1935 was a big year for the Spokane Mountaineers. This was the year that the club incorporated and membership grew to 112. The 20th anniversary and dinner attracted 78 members and guests, with each meal costing a whopping $1 each. That summer club members invited the Mazamas mountaineering club to climb Mount Rainier with them at a cost of $3.50 per climber.
The highlight of the year was the “Christmas Tree Outing” in Paradise Valley. 80 plus members showed up for the 4th annual Christmas tree party. While the club sat around the fire singing songs and eating sandwiches, a scruffy older man appeared off to the side. Being a joyous group of people, they invited the stranger to join them in song and food. It was obvious that the man was shy and maybe a bit awkward. The club piled food and coffee on him and watched in amazement of how fast the man devoured the food and gulped down the hot coffee. During the festivities, he sat and listened, but didn’t participate in the Christmas carols. The club said goodbye and left the man with all the extra food they had with them.
This “Hermit,” as club members took to calling him, was on the minds of those who attended the party and was the topic of many conversations for many months. The next year, the club was anticipating the Hermit’s return and the outing grew substantially. When they arrived at the Christmas tree spot, they found the area had been cleared of branches, and logs had been cut into stools with bark covering them so they would be dry for all to sit on. The club was astonished at the kindness of the Hermit. When asked why he had done so much for club, his answer was simple: “You folks were friendly to me a year ago. I wanted to do something in return. Making your camp more comfortable was the best thing I could think of.”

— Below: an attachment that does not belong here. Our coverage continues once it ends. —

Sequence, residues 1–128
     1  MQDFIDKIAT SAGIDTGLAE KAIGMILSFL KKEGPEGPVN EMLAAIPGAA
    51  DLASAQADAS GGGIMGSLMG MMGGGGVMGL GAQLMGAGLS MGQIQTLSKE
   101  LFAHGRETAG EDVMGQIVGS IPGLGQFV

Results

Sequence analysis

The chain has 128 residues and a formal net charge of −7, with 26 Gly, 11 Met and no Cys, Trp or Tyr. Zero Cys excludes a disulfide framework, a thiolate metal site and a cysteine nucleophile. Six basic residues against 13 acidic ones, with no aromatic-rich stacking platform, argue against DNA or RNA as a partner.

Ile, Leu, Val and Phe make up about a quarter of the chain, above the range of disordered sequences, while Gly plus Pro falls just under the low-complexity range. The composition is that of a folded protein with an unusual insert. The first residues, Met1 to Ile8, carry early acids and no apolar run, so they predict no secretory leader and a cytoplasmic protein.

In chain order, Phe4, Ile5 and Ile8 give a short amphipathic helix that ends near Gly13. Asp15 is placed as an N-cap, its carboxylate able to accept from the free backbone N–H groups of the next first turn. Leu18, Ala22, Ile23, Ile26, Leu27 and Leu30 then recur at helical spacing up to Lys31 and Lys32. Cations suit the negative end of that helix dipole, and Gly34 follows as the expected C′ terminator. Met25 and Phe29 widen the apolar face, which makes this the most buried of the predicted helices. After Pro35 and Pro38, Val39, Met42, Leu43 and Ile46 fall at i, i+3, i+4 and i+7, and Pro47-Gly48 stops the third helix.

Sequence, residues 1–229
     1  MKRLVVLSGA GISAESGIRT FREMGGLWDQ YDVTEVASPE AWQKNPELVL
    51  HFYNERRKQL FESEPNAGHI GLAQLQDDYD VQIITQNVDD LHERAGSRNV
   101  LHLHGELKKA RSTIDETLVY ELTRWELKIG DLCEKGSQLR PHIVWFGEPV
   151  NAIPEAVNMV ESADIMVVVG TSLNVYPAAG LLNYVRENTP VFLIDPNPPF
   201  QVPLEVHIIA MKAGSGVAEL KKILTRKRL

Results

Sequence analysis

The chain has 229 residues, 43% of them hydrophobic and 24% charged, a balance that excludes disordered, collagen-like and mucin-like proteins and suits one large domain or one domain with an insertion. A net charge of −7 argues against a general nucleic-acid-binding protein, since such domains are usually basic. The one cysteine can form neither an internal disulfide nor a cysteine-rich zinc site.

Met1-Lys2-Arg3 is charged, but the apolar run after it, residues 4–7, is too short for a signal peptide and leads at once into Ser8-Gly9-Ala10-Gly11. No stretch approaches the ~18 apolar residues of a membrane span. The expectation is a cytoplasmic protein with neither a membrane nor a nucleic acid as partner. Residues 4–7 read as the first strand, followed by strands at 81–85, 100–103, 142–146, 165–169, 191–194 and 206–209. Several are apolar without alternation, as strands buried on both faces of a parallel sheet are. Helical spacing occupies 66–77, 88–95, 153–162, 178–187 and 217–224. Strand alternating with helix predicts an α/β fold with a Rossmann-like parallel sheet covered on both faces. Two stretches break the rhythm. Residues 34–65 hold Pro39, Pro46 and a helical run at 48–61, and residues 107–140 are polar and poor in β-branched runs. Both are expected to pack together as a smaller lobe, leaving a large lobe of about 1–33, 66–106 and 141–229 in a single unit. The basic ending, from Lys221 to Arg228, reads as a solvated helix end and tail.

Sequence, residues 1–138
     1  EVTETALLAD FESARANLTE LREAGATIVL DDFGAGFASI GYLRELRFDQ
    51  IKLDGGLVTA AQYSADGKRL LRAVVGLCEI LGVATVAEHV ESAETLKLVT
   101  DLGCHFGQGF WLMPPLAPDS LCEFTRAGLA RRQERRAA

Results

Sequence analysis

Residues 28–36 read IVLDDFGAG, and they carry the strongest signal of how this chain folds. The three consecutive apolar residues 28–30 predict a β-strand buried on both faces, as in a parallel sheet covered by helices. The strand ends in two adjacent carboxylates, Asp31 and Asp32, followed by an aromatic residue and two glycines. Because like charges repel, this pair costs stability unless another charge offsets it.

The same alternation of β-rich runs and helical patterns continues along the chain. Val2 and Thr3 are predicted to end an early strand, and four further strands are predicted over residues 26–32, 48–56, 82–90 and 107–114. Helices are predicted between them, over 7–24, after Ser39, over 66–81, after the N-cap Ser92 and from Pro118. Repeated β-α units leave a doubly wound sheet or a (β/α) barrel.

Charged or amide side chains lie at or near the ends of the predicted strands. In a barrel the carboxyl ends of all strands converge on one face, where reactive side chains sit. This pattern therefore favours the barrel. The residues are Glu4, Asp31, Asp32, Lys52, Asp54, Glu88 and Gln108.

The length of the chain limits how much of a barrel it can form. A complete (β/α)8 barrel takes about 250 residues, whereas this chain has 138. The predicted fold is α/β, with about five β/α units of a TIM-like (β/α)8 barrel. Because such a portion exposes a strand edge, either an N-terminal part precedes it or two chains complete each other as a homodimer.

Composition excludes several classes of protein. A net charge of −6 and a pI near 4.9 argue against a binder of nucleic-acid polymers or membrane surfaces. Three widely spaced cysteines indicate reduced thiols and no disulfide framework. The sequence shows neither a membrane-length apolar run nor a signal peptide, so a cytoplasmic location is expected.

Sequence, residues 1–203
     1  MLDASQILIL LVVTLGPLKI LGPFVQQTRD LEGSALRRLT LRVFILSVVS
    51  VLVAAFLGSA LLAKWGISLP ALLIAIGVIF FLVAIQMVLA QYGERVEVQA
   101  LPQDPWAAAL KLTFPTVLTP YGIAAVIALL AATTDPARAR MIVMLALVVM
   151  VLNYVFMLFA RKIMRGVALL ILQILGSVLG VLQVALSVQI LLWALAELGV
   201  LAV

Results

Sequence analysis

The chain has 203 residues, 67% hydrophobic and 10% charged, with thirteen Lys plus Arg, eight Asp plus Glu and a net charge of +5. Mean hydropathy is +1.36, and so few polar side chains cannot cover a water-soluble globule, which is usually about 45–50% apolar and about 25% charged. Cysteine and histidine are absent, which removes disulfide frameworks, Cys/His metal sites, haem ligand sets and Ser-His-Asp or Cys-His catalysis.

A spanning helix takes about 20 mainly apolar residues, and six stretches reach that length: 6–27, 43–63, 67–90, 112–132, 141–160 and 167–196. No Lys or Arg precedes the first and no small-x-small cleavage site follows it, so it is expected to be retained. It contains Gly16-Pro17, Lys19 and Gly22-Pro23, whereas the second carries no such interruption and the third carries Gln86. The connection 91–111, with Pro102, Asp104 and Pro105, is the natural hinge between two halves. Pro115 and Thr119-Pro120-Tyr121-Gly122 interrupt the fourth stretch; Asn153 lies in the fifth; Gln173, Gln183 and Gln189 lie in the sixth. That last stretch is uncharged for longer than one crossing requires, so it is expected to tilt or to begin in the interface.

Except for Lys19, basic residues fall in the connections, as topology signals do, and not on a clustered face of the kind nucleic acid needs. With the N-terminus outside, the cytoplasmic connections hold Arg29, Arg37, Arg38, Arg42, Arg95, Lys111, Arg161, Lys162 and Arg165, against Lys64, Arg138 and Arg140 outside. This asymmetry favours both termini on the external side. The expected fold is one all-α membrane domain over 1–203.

In 1937, the club started informal climbing classes. That year’s summer outing was held for the first time in a foreign country. A total of 25 members from seven mountaineering clubs joined the Spokane Mountaineers for a week at the Kokanee Glacier Park north of Nelson, B.C. The group climbed 14 peaks and were the first to climb Mt. Cond, the highest in the park at 9,200 feet.
The year 1939 was another really big year for the Spokane Mountaineers.
The club bought 40 acres on Mount Spokane from the Panhandle Lumber Company for $1,500. Also that year the “Kinnikinnick,” the Mountaineers newsletter, announced climbing trips to these Northwest classics: Rocks of Sharon, the practice rocks at Tum, Snowshoe Peak in the Cabinets (which was a recorded first ascent), Mount Rainier, Scotchman Peak, the face of Roman Nose, Mount Adams led by Ed Dennis, and an overnighter on Stevens Peak led by Hans Moldenhauer.
This is #2 in a series of Spokane Mountaineers historical highlights. Learn more about the club and its events and outings as members celebrate 100 years at www.spokanemountaineers.org.
Written by Chic Burge.